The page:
This increase in women’s banking activity in the programme villages found another remarkable indicator in the primary and upper-primary schools there. In an unprecedented trend, according to school principals, compensation in lieu of suspended mid-day-meals for students during the Covid lockdown was finding its way into mothers’ accounts in large numbers. Of the recompense transferred into parents’ accounts in three schools situated in three study villages, 48.68 per cent of the money went to mothers’ accounts. The change, according to teachers and principals, is because now more women had bank accounts, and with literacy they were more assertive about taking charge of money meant for their children’s well-being.

Even while the study showed up literacy as necessary to eliminating women’s fears and inhibitions around banking, it also identifies other factors that stimulate their interest into becoming active bank customers.

For one, that the TA+ programme increased the appetite for enterprise and income in women helped. Of the surveyed neo-literates, 74 per cent said they got new ideas for business or farming while learning and interacting during the course of the programme. About 10 per cent reported starting a business after joining the programme. Also, there is a 13 percentage point increase in remunerative activities among the neo-literates because, according to the women, it had exposed them to working women role models. Women professionals, ranging from anganwadi workers to teachers to policewomen, were invited as guest speakers. Local educated women are recruited to work for the programme. Overall, the programme managed to create positive narratives about women who work.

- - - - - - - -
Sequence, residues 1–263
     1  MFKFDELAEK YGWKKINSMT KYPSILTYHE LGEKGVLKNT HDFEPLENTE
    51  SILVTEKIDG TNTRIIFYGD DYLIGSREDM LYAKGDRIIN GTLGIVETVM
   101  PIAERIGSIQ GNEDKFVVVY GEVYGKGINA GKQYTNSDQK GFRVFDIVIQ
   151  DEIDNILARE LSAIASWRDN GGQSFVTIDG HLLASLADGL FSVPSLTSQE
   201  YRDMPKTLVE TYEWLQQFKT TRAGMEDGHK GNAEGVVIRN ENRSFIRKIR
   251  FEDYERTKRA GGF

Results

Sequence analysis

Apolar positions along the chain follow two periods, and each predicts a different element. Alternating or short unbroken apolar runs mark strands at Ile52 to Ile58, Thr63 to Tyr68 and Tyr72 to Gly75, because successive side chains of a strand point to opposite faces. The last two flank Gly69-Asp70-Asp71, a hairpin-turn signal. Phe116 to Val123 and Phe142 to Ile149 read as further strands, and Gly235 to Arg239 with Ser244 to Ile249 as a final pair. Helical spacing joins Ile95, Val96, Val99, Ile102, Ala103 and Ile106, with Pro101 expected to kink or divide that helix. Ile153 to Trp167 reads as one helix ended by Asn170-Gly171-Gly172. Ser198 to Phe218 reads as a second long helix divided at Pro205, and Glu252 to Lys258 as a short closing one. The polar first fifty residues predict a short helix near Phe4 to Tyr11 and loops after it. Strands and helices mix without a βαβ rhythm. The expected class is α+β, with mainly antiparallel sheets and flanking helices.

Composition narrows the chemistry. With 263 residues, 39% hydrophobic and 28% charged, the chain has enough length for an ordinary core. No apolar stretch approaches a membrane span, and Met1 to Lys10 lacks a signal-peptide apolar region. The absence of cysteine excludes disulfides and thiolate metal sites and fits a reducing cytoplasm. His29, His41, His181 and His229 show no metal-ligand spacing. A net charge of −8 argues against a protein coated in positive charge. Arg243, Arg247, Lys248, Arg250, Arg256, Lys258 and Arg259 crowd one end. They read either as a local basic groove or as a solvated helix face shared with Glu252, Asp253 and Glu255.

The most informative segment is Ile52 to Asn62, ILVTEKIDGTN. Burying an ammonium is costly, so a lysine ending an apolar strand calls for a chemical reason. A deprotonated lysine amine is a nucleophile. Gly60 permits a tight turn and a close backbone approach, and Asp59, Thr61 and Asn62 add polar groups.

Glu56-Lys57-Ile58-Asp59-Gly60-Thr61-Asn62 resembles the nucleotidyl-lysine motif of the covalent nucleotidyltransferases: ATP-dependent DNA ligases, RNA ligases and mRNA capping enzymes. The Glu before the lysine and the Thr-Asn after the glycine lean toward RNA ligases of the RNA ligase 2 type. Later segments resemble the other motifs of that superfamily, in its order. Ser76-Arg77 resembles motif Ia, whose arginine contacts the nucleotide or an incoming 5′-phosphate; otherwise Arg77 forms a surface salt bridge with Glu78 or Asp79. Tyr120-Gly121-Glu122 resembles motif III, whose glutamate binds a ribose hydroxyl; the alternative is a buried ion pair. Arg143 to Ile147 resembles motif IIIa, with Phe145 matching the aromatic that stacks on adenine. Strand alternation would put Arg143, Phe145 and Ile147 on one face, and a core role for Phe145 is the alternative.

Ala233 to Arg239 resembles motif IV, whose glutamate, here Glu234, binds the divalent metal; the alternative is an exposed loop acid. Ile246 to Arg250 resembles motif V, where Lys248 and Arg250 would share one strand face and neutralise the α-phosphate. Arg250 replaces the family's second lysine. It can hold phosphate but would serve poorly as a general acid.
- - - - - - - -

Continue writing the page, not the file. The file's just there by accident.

Second, women are encouraged to connect with self-help groups (SHGs) or form new ones, to imbibe the culture of thrift, savings and micro-entrepreneurship that is at the core of these collectives. Expectedly, only 8 per cent women in control villages were SHG members, as against 23 per cent among the neo-literates. Approving of this new development, the sarpanch of a programme village in Lalitpur district listed the changes he observed among the women in his community. They could read and write now, they were out of purdahs, they participated in SHGs, attended gram sabha meetings, could keep accounts, borrow and lend money and conduct banking transactions.

The author is a Fellow at India Development Foundation